" I can dream, can't I?" Nicky Henderson and THE SPRINTER early in 2016.

” I can dream, can’t I?” Nicky Henderson and THE SPRINTER early in 2016.

The Sprinter had weathered his 2015 season well and after consultation with the Moulds, Nico and others in his inner circle, Henderson determined to aim the big horse for Cheltenham 2016 and The Queen Mother Chase. Now, The Sprinter is a racing icon and beloved by his whole team, but he’s not a “love bug” as far as personality goes. Rather, he’s a curmudgeon….not exactly Mr. Grump, but close. So, when he started to show aggression on a regime of slower gallops, someone who knew him less well might have just chalked it up to temperament. But Nico and Henderson knew better: The Sprinter was saying that he wanted a race and wanted it badly. As the trainer pointed out, “Horses know when they’re stars and they know where they belong…in the winner’s enclosure, right at the top of the heap.”

As Racing UK reported at the end of the 2015 season, quoting Henderson:

“He is not what he was two years ago but we are creeping up there,” Henderson added. “They are two very good performances so far this year. He has done a lot of slow work, rather than fast work. It has been different. We put in a new deep sand canter and he did a lot of work in there. He does not do a lot of galloping.”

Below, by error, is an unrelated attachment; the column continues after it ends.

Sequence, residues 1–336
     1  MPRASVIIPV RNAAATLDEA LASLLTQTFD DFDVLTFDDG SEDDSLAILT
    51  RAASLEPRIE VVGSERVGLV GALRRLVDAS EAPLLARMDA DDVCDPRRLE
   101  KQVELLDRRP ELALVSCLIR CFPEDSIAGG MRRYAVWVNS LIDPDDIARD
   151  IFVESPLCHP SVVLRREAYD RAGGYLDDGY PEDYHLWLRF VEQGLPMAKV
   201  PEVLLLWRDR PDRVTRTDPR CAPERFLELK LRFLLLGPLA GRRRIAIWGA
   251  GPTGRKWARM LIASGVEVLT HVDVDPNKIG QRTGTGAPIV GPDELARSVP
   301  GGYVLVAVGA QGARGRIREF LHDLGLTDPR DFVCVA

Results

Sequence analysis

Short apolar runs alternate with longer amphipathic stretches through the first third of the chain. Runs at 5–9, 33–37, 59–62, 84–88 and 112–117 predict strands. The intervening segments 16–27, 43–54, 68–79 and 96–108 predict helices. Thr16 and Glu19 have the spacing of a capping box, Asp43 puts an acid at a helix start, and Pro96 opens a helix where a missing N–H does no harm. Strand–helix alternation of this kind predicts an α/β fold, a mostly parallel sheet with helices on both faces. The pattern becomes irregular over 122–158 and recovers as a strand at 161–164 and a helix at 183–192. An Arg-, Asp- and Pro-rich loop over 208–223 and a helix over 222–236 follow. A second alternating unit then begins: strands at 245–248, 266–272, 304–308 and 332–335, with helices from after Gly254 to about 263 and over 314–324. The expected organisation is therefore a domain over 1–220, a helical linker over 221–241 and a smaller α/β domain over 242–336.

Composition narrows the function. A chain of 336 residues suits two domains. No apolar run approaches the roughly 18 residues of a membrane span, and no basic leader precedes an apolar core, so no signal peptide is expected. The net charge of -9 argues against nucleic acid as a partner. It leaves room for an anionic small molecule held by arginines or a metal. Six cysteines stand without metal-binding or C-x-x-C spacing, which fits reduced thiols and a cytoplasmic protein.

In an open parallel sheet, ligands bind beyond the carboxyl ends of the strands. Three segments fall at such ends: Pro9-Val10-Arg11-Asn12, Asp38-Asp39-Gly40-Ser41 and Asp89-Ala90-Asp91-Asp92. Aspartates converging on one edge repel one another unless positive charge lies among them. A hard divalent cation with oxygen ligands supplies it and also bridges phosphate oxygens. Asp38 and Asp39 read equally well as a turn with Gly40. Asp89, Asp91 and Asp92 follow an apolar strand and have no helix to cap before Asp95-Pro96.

Despite one reported pre-Cheltenham work where The Sprinter looked spectacular, Henderson remained cautiously optimistic about his ten year-old champion:

March 16, 2016: the field was set for the Cheltenham Queen Mother Chase. The Sprinter was one of three ten year-olds entered, the others being Sire de Grugy and Felix Yonger. All the others were eight year-olds, including impressive jumpers like Dodging Bullets, Somersby and Un de Sceaux. Nor did The Sprinter go off as the favourite, although he clearly was THE ONE that people were there to see. Could their fallen hero triumph, joining the only horse to ever stage such a comeback: the great Moscow Flyer, who had won the Queen Mother Chase at Cheltenham in 2005 as a ten year-old?

The place went potty. The stands shuddered and shook. Trainer and jockey cried. Twitter exploded with cries of joy. Trainers like the eminent Willie Mullins showered praise on Henderson and Team Sprinter. Horses just don’t do what Sprinter Sacre had just done and everyone knew it.

The Kiss: Nico and SPRINTER SACRE in the winner's enclosure, Cheltenham 2016.

The Kiss: Nico and SPRINTER SACRE in the winner’s enclosure, Cheltenham 2016.

So thank you, Mr. and Mrs. Mould, Nicky Henderson, Nico de Boinville, Sarwah Mohammed, Hannah Maria Ryan, Barry Geraghty and the staff at Seven Barrows for taking us to Dreamworld on the back of your fabulous, fabulous horse:




For a look at Sprinter Sacre’s career from 2011-2013, including videos: